Textbook demonstration of the benefits of open-science and data sharing
Trying to bring the long hours spent, hard work and sacrifice of all involved with COG-UK into focus is simultaneously exhausting and invigorating. It is a tale of cooperation and collaboration to tackle problems that for individual laboratories and institutions would otherwise have been insurmountable.
Only through an open science approach has it been possible to make the advances seen. From day one, genome data produced by COG-UK has been shared rapidly through the European Nucleotide Archive (ENA) and Global Initiative on Sharing All Influenza Data (GISAID). Similarly, the bioinformatic tools developed through COG-UK that enable analyses of the large viral genome datasets have been made publicly available.
We believe in open science, but also know the risks of sharing data before publication. We are extraordinarily lucky to have fantastic collaborators in COG-UK, which has seen us being able to be involved with/publish work that would not have otherwise been possible
Tom Connor, Cardiff University & Public Health Wales
This open approach to sharing data and tools has not only enabled researchers and investigation teams to investigate outbreaks across the UK, but many of the tools developed have been adopted as standard internationally. The UK dataset is used as a baseline with which researchers in other countries can understand what they are seeing (and what they are not seeing) in their more limited viral genomic datasets. Furthermore, COG-UK is working to establish links with researchers around the world, to share insights into the experiences gained over the last eight months as they begin to come up against some of the same hurdles that we have overcome.
The next 100K?
Everyone within the consortium (and beyond) surely hopes that this is the only time we will need to mark the passing of a milestone that measures in the hundreds of thousands of SARS-CoV-2 genomes sequenced. Especially as green shoots begin to emerge from other arms of the COVID-19 response, with news of vaccines performing well in phase III clinical trials.
Yet despite the potential for physical, mental and emotional exhaustion as we head into the winter in the UK after the longest of years, COG-UK partner institutions and individual members will be redoubling efforts to improve the volume and speed with which we can deliver insights from genome sequencing to infection management teams.
Furthermore, with the impending roll out of national vaccination programmes, which will begin to apply a new selective pressure to SARS-CoV-2 as it continues to spread, COG-UK researchers are working with others to monitor changes in the evolution of the virus, to identify mutations that may impact on the efficacy of particular vaccines (as potentially seen with the recent SARS-CoV-2 mink outbreak) and prioritise them for further investigation, and to inform national and local policy for vaccine choices and non-pharmaceutical interventions going forward.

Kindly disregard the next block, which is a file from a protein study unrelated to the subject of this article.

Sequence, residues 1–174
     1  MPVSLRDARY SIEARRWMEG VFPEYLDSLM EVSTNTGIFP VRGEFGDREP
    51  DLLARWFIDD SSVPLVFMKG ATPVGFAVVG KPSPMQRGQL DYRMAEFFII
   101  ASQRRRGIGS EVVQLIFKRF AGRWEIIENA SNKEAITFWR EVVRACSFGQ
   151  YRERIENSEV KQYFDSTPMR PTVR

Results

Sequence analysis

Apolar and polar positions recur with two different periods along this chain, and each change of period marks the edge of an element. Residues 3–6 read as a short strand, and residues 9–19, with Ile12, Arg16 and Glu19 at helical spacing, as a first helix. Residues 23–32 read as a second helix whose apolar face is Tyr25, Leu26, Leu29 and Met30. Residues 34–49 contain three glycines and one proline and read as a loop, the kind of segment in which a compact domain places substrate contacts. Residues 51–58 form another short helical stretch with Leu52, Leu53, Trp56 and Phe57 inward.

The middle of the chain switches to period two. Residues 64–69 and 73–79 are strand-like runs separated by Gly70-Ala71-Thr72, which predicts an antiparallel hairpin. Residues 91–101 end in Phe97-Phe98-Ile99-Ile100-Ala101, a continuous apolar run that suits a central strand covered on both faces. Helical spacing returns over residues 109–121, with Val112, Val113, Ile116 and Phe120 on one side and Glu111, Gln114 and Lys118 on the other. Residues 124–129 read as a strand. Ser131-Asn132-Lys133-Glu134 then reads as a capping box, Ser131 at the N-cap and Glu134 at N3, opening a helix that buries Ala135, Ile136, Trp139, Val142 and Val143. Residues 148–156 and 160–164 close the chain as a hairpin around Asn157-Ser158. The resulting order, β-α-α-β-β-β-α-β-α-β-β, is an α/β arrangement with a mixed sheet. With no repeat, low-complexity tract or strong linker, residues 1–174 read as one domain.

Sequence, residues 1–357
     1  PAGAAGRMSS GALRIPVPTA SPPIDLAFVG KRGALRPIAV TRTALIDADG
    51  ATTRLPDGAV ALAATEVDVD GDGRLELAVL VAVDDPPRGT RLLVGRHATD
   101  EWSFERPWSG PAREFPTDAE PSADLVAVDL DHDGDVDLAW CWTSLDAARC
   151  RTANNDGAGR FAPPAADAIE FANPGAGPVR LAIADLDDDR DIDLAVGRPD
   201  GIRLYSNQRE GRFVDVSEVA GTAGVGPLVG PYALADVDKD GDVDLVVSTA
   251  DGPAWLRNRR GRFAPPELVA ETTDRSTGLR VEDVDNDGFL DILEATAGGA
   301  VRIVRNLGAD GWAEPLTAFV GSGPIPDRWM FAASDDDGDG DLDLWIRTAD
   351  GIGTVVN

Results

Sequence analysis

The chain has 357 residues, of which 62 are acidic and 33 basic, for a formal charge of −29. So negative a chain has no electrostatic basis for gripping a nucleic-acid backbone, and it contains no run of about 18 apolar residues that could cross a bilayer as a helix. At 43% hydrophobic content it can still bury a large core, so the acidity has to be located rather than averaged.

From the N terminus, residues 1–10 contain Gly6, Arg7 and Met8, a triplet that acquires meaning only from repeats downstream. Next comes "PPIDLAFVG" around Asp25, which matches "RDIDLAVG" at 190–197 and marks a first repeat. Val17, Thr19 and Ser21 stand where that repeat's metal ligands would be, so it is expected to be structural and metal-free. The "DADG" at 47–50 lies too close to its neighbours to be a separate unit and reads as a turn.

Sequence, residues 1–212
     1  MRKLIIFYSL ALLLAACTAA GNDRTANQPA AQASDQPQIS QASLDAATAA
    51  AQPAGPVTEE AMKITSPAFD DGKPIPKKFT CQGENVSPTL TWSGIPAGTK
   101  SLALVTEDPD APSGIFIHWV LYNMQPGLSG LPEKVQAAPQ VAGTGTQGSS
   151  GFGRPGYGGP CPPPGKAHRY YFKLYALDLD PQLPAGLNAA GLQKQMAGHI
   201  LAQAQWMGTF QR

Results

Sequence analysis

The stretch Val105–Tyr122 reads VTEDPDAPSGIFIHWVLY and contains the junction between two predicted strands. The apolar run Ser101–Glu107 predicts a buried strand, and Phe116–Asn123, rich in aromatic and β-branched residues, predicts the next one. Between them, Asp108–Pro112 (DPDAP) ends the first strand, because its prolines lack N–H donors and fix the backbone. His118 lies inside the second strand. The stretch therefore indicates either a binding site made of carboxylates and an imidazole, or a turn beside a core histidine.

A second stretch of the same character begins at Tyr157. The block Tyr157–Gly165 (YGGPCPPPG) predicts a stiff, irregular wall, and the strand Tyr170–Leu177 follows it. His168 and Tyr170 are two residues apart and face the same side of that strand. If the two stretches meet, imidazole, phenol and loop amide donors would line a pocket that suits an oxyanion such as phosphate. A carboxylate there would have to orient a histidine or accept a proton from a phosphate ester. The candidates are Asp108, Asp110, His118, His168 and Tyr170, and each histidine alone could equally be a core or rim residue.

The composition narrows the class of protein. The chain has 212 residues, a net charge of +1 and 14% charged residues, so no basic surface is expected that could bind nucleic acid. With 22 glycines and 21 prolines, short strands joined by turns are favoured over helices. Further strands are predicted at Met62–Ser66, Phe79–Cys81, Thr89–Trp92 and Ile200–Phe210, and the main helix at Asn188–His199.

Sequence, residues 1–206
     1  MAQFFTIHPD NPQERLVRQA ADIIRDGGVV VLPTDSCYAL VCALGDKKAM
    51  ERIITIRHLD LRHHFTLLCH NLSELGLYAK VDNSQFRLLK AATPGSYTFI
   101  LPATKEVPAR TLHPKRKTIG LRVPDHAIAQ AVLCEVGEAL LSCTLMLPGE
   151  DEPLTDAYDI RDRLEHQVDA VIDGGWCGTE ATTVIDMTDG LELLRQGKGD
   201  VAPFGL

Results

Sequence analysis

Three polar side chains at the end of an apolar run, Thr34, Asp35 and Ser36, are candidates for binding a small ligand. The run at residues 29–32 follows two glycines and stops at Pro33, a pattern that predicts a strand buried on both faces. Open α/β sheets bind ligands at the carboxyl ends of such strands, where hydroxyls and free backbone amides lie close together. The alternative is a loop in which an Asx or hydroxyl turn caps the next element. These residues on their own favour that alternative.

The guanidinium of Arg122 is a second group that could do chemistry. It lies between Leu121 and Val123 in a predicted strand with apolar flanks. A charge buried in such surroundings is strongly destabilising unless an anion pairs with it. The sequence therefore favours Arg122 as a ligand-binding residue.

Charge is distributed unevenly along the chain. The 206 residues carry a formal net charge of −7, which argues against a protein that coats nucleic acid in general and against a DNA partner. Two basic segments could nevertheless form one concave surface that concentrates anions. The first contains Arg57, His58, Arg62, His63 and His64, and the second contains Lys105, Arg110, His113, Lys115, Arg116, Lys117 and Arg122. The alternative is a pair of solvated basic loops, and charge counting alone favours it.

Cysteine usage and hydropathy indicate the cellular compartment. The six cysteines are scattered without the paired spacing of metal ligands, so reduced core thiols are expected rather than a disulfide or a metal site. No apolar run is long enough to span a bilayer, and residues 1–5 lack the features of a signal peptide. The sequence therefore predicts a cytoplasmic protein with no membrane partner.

To borrow an image from the cricket field, COG-UK can now raise its collective bat in acknowledgement of a hard fought century on a tough wicket, before settling back in at the crease to refocus on the rest of the innings to come.
COVID-19 Genomics UK (COG-UK)
The current COVID-19 pandemic, caused by the SARS-CoV-2 virus, represents a major threat to health. The COVID-19 Genomics UK (COG-UK) consortium has been created to deliver large-scale and rapid whole-genome virus sequencing to local NHS centres and the UK government.
Led by Professor Sharon Peacock of the University of Cambridge, COG-UK is made up of an innovative partnership of NHS organisations, the four Public Health Agencies of the UK, the Wellcome Sanger Institute and twelve academic partners providing sequencing and analysis capacity. A full list of collaborators can be found here: https://www.cogconsortium.uk/about/
COG-UK was established in March 2020 supported by £20 million funding from the UK Department of Health and Social Care (DHSC), UK Research and Innovation (UKRI) and the Wellcome Sanger Institute, administered by UK Research and Innovation. For more information, visit: https://www.cogconsortium.uk
COG-UK researchers make highly cited list
Eight COG-UK Consortium members and associates have been recognised by Clarivate as some of the most highly cited researchers of 2020.
COVID-19 in care homes — what have we learned from genome sequencing?
Read COG-UK partner Quadram Institute’s explainer blog on the latest findings of how the SARS-CoV-2 virus spreads within care homes.
The value of large-scale coordinated sequencing activities to understand a pandemic in real-time
In recent work from COG-UK consortium investigators, Erik Volz and colleagues investigated the D614G mutation in the population by using more than 25,000 viral genomes that have been sequenced in the UK over a period between February and June 2020 in order to understand the pandemic in real-time.